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Animal Welfare

The use of wild animals will be banned in Irish circuses from January 2018

“The use of wild animals for entertainment purposes in circuses can no longer be permitted.”

MINISTER FOR AGRICULTURE Michael Creed has today signed regulations that will ban the use of wild animals in circuses.

The measures will come into effect on 1 January 2018.

“The use of wild animals for entertainment purposes in circuses can no longer be permitted. This is the general view of the public at large and a position I am happy to endorse,” Creed said.

“This is a progressive move, reflective of our commitment to animal welfare.”

Creed said that he is allowing a “modest” period of time for alternative arrangements to be made for the animals in question.

While circus owners and operators may have their regrets about this move, Creed said that he appreciated their concern and care for the animals that have been part of their lives.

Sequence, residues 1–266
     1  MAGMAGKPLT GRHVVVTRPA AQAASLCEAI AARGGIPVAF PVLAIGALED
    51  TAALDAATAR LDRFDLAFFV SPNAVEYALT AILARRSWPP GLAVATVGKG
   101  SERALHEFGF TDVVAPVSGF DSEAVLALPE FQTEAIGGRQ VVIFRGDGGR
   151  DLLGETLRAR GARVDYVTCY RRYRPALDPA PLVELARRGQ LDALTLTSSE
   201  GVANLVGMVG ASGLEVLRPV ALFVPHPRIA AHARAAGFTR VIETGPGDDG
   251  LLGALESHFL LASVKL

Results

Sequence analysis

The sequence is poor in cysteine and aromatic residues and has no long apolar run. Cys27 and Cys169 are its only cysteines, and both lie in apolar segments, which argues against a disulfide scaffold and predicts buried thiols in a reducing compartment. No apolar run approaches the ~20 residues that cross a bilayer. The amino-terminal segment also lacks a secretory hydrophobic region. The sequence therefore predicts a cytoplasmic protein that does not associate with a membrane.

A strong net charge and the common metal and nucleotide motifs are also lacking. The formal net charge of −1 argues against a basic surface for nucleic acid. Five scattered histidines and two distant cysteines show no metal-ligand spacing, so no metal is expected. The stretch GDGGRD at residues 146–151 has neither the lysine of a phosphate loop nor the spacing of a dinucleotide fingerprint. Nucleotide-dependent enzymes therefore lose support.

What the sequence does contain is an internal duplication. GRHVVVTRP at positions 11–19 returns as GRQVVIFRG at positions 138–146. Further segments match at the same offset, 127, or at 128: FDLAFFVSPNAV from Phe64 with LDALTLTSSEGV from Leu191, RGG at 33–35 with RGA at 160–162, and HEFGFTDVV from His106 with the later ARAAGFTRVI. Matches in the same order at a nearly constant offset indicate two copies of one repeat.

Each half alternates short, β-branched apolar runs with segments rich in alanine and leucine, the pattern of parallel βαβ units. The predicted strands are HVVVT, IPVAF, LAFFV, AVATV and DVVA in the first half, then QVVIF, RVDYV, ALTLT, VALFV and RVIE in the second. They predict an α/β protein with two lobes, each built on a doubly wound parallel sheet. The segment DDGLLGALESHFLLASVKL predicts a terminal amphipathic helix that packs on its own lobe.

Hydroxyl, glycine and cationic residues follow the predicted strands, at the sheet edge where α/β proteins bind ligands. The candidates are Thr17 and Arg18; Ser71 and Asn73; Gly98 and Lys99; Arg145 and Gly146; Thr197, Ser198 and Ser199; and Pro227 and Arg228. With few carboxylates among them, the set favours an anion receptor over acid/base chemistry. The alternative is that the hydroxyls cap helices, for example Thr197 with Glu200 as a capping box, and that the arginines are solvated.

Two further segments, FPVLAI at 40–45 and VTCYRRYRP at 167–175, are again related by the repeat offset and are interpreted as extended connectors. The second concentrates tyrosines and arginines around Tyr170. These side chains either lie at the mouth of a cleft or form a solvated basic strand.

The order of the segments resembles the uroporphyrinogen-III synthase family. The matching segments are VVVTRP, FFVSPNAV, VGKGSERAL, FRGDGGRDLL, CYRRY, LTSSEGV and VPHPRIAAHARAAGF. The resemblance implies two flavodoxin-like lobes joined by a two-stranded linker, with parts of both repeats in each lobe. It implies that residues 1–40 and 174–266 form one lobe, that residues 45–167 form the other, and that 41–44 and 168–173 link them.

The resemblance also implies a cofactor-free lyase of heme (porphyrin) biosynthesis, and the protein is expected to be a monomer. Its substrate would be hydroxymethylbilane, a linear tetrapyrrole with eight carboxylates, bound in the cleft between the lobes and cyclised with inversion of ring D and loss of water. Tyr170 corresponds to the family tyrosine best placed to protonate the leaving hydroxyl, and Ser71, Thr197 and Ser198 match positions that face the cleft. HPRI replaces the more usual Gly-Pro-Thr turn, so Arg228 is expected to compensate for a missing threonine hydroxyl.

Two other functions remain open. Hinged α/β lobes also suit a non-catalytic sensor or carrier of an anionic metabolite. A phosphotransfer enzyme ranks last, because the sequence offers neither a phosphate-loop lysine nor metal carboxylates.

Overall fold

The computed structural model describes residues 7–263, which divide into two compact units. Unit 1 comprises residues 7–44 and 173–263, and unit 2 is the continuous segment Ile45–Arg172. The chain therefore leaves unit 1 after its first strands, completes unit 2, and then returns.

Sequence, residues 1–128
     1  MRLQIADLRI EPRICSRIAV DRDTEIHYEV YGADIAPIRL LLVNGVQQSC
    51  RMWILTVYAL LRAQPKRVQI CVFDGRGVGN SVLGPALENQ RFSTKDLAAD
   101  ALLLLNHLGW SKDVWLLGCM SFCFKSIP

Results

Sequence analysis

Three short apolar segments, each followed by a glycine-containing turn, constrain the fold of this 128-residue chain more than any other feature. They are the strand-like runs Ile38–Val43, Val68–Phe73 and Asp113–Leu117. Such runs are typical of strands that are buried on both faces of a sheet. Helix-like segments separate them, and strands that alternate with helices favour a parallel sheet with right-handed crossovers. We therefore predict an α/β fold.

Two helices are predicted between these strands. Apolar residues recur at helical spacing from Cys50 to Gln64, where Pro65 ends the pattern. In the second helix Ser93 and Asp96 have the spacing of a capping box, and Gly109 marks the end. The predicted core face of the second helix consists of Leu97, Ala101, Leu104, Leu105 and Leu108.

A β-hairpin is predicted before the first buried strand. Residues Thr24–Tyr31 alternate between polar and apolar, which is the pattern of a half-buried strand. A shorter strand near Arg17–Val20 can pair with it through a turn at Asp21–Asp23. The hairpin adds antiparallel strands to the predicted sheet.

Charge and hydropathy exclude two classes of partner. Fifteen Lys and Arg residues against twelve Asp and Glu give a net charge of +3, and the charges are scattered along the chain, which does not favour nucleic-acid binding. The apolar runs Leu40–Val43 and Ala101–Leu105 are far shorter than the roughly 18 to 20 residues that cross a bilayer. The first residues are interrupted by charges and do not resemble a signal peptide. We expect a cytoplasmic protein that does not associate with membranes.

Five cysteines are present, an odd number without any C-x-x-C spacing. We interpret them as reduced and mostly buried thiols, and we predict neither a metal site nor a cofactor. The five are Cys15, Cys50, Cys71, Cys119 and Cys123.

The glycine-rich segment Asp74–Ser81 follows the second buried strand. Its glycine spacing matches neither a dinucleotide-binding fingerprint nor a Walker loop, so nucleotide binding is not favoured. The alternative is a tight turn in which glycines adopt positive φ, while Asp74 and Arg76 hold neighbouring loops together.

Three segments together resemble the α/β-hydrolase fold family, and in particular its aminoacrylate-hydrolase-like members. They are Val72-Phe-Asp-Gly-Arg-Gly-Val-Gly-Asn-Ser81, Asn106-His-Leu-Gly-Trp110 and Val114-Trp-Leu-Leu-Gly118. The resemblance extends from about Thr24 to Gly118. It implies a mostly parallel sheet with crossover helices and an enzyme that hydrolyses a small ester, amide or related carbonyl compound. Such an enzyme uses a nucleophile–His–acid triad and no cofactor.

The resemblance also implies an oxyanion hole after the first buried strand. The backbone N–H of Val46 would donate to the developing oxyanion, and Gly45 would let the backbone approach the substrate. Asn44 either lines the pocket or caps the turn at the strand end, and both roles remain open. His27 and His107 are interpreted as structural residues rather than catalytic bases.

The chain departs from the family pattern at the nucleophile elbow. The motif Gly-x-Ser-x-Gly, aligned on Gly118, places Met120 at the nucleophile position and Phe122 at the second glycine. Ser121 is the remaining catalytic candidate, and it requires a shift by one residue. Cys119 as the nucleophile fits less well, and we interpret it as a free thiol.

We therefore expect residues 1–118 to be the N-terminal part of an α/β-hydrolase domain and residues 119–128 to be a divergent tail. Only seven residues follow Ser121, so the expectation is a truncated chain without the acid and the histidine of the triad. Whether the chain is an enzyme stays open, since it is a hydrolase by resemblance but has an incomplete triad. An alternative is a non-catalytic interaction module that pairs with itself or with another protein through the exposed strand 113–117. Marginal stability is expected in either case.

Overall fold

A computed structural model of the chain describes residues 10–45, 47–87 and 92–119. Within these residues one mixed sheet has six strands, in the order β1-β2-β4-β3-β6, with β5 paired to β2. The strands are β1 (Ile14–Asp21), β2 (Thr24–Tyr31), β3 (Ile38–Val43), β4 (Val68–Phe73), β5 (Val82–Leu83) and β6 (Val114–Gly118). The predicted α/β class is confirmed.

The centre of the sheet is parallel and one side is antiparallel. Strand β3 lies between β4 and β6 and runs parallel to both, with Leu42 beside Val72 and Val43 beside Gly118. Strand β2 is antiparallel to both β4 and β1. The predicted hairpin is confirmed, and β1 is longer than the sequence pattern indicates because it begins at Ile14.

However, he said the ability of a travelling circus to provide fully for all the needs of animals such as camels or tigers is no longer a tenable position.

“While the retirement of the small numbers of wild animals in circuses might seem like a loss, I am confident that this move will do more to secure the future of the circus community,” Creed said.

“Coming in line with modern welfare standards will mean that greater numbers of the public will be more comfortable going to the circus,” he said.

The Circuses (Prohibition on Use of Wild Animals) Regulations 2017 are made under the Animal and Welfare Act 2013.

Animal Rights Action Network’s John Carmody said that today was a “great day”.

He said: “Finally Ireland can raise its head and be proud that the country has finally taken a meaningful and real step to stop the suffering of wild animals forced to travel and perform in Irish circuses. We spent 20 plus years fighting for this day and here it is.”

With reporting from Sean Murray

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